Clay-enhanced hydrogel could greatly improve current biomaterial-based therapeutics to repair bone defects, researchers claim.
The new hydrogel has been successfully injected into a mouse where it induced the migration of naturally occurring stem cells to better promote bone healing. Current experimental applications using hydrogels and stem cells introduced into the body or expensive biological agents can come with negative side effects.
The findings from bioengineers and dentists from UCLA are published online in Nature Communications.
According to UCLA, hydrogels are biomaterials that are made up of a 3D network of polymer chains. Due to the network’s ability to absorb water and its structural similarities to living tissue, it can be used to deliver cells to defective areas to regenerate lost tissue. However, the small pore size of hydrogels limits the survival of transplanted cells, their expansion and new tissue formation.
One material that has caught on in the field of biomaterials is clay, which has become an additive to medical products with no reported negative effects. It has been shown to be biocompatible and is readily available.
The clay is structured in layers, with the surface having a negative charge. The unique layered structure and charge were important to researchers as their hydrogels had a positive charge. When the hydrogel was inserted into the clay layers via intercalation the end result was a clay-enhanced hydrogel with a much more porous structure that could better facilitate bone formation.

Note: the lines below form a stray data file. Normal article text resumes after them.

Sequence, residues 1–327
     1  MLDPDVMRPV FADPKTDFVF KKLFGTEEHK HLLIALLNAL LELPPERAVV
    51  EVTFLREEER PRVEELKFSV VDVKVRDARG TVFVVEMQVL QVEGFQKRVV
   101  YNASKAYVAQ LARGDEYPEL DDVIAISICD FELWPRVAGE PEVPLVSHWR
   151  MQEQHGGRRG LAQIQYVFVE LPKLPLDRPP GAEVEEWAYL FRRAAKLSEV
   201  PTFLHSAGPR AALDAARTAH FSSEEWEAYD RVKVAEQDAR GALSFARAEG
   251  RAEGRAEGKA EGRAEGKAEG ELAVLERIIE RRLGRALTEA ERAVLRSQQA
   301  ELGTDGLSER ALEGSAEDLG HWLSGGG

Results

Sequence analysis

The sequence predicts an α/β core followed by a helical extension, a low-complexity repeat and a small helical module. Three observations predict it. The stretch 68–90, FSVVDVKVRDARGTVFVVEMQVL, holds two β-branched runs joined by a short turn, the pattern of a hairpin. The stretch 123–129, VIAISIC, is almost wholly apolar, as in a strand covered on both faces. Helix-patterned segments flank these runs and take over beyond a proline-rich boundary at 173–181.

Once they had their clay-enhanced hydrogel, the researchers used photo-induction to turn the new biomaterial into a gel, which would make it easier to be injected into their mouse model, which had a non-healing skull defect.
After six weeks, they found that the mouse showed significant bone healing through its own naturally occurring stem cell migration and growth.
“This research will help us develop the next generation of hydrogel systems with high porosity and could greatly improve current bone graft materials,” said lead author Min Lee, professor of biomaterials science at the UCLA School of Dentistry and a member of the Jonsson Comprehensive Cancer Centre. “Our nanocomposite hydrogel system will be useful for many applications, including therapeutic delivery, cell carriers and tissue engineering.”
Injectable combinations of living cells and bioactive molecules using hydrogels would be a preferred medical application to treat unhealthy or damaged areas of the body rather than more invasive surgery.
UCLA added that future research is planned to learn how the physical properties of nanocomposite hydrogels affect the migration of cells and their function, as well as the formation of blood vessels.